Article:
SBICap Securities noted in a recent report that subscriber market share loss to continue given a selective 4G capex strategy, and another 20 percent of the base may be vulnerable. “Rs 45 tariff plan strategy may offer a short-term respite, balance sheet to deteriorate despite the recent fund-raising,” it noted. Vodafone Idea lost 115 million subscribers over the last four quarters. According to SBICap, its net 4G subscriber addition as decelerated to 4.1 million in the June quarter versus 5.4 million in the previous quarter.

“In our view, data is no more a new service and consistent investments in network and brand by Bharti Airtel and Jio make it difficult for Vodafone Idea to regain lost share and sustain it,” SBICap analysts noted.

Some analysts also felt that Vodafone Idea may potentially scale back operations in some service areas. “According to our calculation, Vodafone Idea’s current cash-burn rate would imply the company’s cash balance could reach very low levels by September 2020. We note that Vodafone Idea has announced its intent to monetise fiber assets, which, if completed, could provide some more headroom to the company,” noted Goldman Sachs.

Nearly 29 percent of the company’s revenues come from ten service areas where it does not enjoy significant market share.

In order to rationalise costs and capex, Vodafone Idea may consider scaling back operations in these service areas which have lower profitability compared to the other circles. In that case the company’s subscriber market share shrinks further. As on June, Vodafone Idea had subscriber market share of 32.9 percent, Jio of 28.4 percent and Airtel of 27.5 percent.


Vodafone Idea has adopted a district-level approach instead of the conventional approach of focusing on service areas. It has segregated the districts in four quads based on their growth potential and revenue contribution to the company. “In high potential districts which are part of Quad A and Quad B, our focus is to target 95 percent coverage, superior customer experience and therefore higher market share,” it had said in the earnings call.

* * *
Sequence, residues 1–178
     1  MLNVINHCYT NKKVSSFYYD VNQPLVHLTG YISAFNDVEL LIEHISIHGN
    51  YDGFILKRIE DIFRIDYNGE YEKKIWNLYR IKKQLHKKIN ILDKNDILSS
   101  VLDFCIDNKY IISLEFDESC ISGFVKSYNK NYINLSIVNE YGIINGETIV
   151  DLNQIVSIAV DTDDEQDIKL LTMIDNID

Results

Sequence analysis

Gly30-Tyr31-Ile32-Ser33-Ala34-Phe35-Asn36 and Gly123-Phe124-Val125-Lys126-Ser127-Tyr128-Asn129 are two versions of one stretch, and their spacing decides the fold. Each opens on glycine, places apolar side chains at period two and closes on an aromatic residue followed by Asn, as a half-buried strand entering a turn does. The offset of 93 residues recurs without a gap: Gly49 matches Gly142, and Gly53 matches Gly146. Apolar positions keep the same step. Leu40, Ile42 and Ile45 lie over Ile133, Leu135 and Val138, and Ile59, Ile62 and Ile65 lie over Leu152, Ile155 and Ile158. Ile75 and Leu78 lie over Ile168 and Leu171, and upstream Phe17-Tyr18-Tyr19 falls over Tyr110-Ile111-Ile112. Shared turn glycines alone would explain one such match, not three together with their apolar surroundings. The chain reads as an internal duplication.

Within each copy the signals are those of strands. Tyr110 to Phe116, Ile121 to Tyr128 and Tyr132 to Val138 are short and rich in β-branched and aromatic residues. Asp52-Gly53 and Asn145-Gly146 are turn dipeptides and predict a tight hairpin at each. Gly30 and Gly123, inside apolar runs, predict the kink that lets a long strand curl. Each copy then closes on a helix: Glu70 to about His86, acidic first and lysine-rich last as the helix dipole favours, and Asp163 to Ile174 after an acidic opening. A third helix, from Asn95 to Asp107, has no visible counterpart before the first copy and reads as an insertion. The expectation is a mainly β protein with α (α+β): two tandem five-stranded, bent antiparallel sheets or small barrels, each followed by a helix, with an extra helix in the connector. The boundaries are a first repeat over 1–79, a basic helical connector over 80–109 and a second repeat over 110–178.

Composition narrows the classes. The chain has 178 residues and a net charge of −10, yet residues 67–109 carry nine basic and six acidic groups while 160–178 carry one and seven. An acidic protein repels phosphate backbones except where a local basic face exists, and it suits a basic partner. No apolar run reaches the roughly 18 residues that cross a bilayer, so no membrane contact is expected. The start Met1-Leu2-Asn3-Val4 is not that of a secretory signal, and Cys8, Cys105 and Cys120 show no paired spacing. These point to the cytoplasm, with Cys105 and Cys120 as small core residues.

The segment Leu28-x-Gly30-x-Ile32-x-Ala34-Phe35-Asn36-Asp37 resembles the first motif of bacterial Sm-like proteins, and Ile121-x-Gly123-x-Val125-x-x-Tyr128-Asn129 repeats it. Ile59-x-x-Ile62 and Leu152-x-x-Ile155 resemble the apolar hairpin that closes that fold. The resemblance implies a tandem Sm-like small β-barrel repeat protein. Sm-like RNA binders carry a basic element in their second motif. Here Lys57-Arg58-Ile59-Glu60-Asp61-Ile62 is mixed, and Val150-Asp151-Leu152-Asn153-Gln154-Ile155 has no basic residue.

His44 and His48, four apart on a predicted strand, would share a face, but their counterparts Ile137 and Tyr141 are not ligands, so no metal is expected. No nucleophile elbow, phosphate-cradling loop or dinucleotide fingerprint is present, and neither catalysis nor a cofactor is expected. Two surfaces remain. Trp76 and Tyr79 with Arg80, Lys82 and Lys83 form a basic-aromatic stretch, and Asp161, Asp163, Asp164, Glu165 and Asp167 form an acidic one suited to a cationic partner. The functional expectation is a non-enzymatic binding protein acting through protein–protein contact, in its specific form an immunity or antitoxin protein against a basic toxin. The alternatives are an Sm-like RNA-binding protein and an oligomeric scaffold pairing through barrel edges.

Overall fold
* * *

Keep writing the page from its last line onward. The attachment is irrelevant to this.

The company has achieved 70 percent of the targeted Rs 8,400 opex synergies and the rest is expected to be accrued by first quarter of FY21. “Incremental room for cost-cutting seems restricted though we see the company meeting 90 percent of its opex synergy targets within this fiscal itself. One possibility is that it revisits its dual brand strategy and consolidates to a single brand in an attempt to bring down marketing costs. Such an approach may result in lower subscriber traction and, as such, we believe it is unlikely before Q4FY20,” noted SBICap Securities.

Moreover, while most analysts have noted in the recent past that at the current cash burn rate ($600 million or Rs 4,321 crore per quarter), Vodafone Idea may need to raise capital in another four to five quarters, the task seems to be getting difficult.

Earlier this month, two credit rating agencies downgraded the company. Care downgraded Vodafone Idea to Care A with a negative outlook on account of weak financial performance. Crisil, too, downgraded credit value of Vodafone Idea.―Authored by Sohni Das for Business Standard